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Re: Seeking Texts with Macrons online

Postby lauragibbs » Wed Apr 20, 2011 3:45 pm

Hi Ethan, the macrons of most interest to me are exactly the ones that influence word stress. That's why I am actually a big fan of marking word stress (which is a standard method in ecclesiastical texts), while I am less interested in marking all macrons in the quixotic quest to mimic ancient Roman pronunciation. From your cap-ey-re example, it sounds like your professor followed the common method of using English diphthongs to imitate Roman vowel length, which is actually what makes me dubious about the quest for Roman pronunciation, at least among English speakers, for whom there is no phonemic difference in vowel length, but only in vowel quality, esp. in the diphtongization of vowels (or here in North Carolina, where I live... the triphthongization!).
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Re: Seeking Texts with Macrons online

Postby thesaurus » Wed Apr 20, 2011 4:55 pm

Alatius has marked up some texts on his website, although I imagine that these might be available elsewhere. (Some that stand out are the first book of Tacitus's Annales, the first book of Ovid's Metamorphoses, and the beginning of Quintilian's Institutionis Oratoriae Liber Primus).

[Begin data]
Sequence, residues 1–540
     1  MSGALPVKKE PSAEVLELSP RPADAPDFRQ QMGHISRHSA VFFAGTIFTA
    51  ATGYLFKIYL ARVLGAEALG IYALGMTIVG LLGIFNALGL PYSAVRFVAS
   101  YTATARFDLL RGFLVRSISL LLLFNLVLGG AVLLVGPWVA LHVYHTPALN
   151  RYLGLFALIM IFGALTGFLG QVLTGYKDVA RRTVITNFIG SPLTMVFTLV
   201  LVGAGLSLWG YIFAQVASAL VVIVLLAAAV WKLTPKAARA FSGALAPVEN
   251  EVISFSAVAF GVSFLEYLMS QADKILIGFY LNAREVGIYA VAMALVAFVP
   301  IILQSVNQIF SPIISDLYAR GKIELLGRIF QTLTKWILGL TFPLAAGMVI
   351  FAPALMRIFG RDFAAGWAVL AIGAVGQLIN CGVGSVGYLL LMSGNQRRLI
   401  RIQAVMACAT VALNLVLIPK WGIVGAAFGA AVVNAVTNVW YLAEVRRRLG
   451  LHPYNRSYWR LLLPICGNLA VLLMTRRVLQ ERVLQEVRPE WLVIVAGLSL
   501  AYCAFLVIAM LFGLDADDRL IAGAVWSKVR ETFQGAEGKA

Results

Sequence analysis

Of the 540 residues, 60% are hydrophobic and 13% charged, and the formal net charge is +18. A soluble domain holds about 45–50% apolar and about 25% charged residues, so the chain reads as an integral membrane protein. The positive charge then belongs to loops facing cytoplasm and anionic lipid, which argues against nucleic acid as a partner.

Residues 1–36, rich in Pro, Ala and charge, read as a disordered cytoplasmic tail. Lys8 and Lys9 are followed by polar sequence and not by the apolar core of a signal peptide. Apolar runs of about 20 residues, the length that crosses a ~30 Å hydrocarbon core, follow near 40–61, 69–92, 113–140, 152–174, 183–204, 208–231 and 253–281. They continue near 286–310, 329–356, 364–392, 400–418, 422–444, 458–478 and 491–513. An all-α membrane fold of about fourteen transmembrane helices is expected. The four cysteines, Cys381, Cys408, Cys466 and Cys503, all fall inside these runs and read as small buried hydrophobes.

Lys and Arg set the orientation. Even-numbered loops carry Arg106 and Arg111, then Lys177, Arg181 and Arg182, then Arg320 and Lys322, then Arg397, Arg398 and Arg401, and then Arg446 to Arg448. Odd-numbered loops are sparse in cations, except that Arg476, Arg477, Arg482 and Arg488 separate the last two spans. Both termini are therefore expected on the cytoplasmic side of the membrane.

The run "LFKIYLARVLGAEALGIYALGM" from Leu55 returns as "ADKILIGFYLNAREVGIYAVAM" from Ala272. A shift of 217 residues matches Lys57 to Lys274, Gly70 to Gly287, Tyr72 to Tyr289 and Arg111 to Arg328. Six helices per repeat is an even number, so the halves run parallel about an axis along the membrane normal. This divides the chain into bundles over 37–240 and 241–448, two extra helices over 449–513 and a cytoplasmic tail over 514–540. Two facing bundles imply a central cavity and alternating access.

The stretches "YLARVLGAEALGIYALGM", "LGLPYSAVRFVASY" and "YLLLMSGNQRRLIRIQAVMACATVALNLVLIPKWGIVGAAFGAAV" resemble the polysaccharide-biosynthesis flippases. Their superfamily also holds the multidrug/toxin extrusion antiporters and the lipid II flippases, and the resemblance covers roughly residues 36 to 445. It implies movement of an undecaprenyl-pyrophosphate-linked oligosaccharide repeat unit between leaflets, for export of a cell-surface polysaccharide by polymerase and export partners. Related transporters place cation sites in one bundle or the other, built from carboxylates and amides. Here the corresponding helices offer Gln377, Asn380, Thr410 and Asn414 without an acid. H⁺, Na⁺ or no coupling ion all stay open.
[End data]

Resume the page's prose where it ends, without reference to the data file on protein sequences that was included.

Oh, and he has beautiful readings of all these texts, too!

Regarding macrons: your argument seems very sensible, Laura, and I agree with it completely. It would be great if all Latin texts already had macrons, but seeing that they don't, you have to learn to get by without them if you want to enter the wide world of Latin.

Russian isn't the only example you can draw upon for this issue. I've studied some Hebrew, Arabic, and Persian, and the learner's dilemma is somewhat analogous. The alphabets of these languages don't include short vowels, which is a HUGE pain... much worse than not knowing vowel length in Latin. You literally have no clue of how to read/pronounce most words at first sight... you just have a bunch of consonants. Even the letters for long vowels can often be pronounced in a few ways (they often double as consonants). Holy texts, beginner's books, and perhaps a few newspapers mark short vowels, but otherwise native speakers don't use them. They are only marked in ambiguous circumstances. If you want to really KNOW the language, eventually you need to learn to read without the vowel markings... like a native speaker. (The Arabic alphabet is most annoying in Persian, which isn't a semitic language. At least in semitic languages there is a logic to the vowel patterns that aides pronunciation; in Persian it's all over the place.)